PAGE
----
A note on guitar is a note on the piano. Theory can still be applied. And if you're referring to piano sheet music, guitar players can read sheet too. At least some of us :)

02-21-2005, 10:38 AM
I can read sheet, but it is a lesson.Someone reading it will learn a lot of info but I don't know if he will be able to use it, cause most of the guitars I know can't read sheet music.They maybe are able to count frets and tell which note is where but I don't know if they will find a use for knowing which notes are in which scale.I know it is useful, but a few more sentences to tell what to do with it would be good.
But on the other hand, that is something that can be covered in another lesson.
Just a suggestion, not a mistake, do it as you want :)

And another detail, you wrote that going counetrclockwise makes you scales with sharps, but you didn't mention that there are eight scales.They are listed, but it can confuse someone making a g# major scale or something like that.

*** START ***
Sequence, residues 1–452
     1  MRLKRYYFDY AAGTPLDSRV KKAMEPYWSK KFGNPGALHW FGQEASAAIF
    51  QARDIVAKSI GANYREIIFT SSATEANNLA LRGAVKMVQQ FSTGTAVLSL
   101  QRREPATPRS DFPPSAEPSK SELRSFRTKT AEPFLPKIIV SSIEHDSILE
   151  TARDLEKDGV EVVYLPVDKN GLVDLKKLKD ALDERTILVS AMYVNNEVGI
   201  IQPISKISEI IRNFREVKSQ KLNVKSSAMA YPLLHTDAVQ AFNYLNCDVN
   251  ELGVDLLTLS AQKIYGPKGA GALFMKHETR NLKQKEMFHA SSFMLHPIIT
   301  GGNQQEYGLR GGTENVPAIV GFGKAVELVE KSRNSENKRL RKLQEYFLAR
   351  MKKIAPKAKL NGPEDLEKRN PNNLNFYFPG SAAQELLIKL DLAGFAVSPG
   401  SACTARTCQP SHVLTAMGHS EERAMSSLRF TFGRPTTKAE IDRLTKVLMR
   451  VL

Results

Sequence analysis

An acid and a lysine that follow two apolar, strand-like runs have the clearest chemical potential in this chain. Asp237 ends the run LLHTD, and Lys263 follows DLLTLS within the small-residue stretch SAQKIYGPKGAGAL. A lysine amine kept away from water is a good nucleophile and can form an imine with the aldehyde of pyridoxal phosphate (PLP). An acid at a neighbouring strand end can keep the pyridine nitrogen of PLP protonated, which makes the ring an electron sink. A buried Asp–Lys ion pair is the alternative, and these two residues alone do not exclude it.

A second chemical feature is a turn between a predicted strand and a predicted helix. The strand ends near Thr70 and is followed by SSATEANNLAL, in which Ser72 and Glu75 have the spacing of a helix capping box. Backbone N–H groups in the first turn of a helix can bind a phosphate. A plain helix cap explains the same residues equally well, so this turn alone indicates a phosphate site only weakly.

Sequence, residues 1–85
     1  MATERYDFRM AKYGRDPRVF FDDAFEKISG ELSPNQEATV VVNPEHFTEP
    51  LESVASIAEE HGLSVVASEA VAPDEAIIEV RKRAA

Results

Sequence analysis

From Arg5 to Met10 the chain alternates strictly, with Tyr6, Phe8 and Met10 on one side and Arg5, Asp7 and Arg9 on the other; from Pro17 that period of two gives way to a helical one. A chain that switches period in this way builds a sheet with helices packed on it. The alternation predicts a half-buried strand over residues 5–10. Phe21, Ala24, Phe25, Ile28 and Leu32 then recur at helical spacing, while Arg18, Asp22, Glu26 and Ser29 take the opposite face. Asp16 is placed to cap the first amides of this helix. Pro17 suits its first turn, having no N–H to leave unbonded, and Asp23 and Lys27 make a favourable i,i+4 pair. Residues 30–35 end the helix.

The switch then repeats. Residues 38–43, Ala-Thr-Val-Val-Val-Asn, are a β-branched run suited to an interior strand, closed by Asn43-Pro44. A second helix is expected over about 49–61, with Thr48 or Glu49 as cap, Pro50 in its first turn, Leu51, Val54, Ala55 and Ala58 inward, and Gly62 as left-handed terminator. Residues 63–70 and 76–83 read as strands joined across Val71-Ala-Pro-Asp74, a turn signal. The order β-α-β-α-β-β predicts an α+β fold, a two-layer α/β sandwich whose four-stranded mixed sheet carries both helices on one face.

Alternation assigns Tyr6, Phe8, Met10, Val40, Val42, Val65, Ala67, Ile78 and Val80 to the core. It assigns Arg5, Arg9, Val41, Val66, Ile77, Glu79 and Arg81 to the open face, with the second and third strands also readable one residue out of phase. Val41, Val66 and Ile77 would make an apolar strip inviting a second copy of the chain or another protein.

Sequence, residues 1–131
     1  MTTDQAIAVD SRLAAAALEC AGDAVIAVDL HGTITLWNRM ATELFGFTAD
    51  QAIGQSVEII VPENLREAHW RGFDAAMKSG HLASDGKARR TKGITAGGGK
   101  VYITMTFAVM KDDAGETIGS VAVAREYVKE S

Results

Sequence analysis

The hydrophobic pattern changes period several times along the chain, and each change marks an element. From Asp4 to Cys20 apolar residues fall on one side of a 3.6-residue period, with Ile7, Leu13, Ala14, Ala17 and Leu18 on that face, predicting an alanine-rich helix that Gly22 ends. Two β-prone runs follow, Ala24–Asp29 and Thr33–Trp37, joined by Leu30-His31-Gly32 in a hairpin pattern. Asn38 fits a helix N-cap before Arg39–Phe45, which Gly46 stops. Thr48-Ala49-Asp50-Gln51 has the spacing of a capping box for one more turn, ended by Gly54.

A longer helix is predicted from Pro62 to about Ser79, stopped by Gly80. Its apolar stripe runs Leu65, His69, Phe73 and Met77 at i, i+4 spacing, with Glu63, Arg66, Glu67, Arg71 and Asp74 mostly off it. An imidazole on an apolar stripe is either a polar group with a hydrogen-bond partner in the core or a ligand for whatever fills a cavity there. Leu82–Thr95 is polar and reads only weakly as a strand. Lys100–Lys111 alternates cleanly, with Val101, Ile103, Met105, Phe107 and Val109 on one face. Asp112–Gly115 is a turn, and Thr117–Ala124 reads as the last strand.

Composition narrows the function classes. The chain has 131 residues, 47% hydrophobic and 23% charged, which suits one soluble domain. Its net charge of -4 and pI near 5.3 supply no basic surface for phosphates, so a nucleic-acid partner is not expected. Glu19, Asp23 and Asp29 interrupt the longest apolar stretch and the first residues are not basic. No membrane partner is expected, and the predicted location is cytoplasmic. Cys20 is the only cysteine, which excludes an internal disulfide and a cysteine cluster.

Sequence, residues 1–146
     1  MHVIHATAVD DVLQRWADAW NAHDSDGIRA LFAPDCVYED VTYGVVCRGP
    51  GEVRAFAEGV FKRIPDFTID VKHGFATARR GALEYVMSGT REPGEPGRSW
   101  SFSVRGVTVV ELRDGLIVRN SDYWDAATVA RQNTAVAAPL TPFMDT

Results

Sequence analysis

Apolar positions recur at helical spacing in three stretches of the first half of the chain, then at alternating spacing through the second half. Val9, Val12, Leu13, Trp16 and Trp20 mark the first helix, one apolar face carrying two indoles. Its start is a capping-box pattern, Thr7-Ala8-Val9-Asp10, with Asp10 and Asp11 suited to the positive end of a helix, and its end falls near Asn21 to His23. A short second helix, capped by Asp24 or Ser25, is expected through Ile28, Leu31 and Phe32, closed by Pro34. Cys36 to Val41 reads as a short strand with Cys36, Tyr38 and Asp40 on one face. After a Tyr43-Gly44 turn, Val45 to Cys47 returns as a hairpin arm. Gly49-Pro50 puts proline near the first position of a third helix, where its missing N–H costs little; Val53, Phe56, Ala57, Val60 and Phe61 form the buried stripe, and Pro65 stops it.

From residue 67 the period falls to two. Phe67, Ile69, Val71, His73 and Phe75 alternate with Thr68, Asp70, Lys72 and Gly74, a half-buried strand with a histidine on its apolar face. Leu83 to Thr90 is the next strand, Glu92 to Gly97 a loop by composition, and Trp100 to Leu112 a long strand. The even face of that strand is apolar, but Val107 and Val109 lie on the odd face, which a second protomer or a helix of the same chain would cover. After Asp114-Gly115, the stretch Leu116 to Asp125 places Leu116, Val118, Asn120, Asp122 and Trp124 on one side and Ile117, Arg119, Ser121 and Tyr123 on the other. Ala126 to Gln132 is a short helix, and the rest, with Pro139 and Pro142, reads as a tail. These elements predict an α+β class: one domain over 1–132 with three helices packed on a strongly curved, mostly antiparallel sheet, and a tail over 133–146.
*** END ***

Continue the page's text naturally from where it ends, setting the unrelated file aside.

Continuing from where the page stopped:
02-21-2005, 04:07 PM
^ There are infinite scales, what if you want a Bbb scale? You'd get Bbb Cb Db Ebb Fb Gb Ab Bbb. You can theoretically go on forever adding sharps/flats; it doesn't stop at 8. However, doing that is silly.

Other than that, you're asking me to explain why music uses keys?

02-21-2005, 04:26 PM
A Bbb scale is basically A B Db D E Gb Ab A and that is same as A B C# D E F# G# A and that is simply the A major.I'm not arguing or something, but doesn't that mean that there aren't infinite scales?There are maybe infinite ways to write them in sheet but that doesn't change the number of the scales of notes you actually play, or am I wrong?

EDIT>I am talking about major scales, cause you can make your own scales and stuff, so that would make quite a big number of scales.:)

02-21-2005, 04:29 PM
Originally posted by SilentDeftone
Other than that, you're asking me to explain why music uses keys?

Kinda thought of it and yeah, you're right.
I was thinking of the lesson as something that should be comprehandable for players at any level, but that would make it like twenty lessons in one.

02-21-2005, 04:55 PM
Infinite ways to write them is what I meant, yes Bbb is essentially the same as A. I don't see why you should say there are only 8 though :)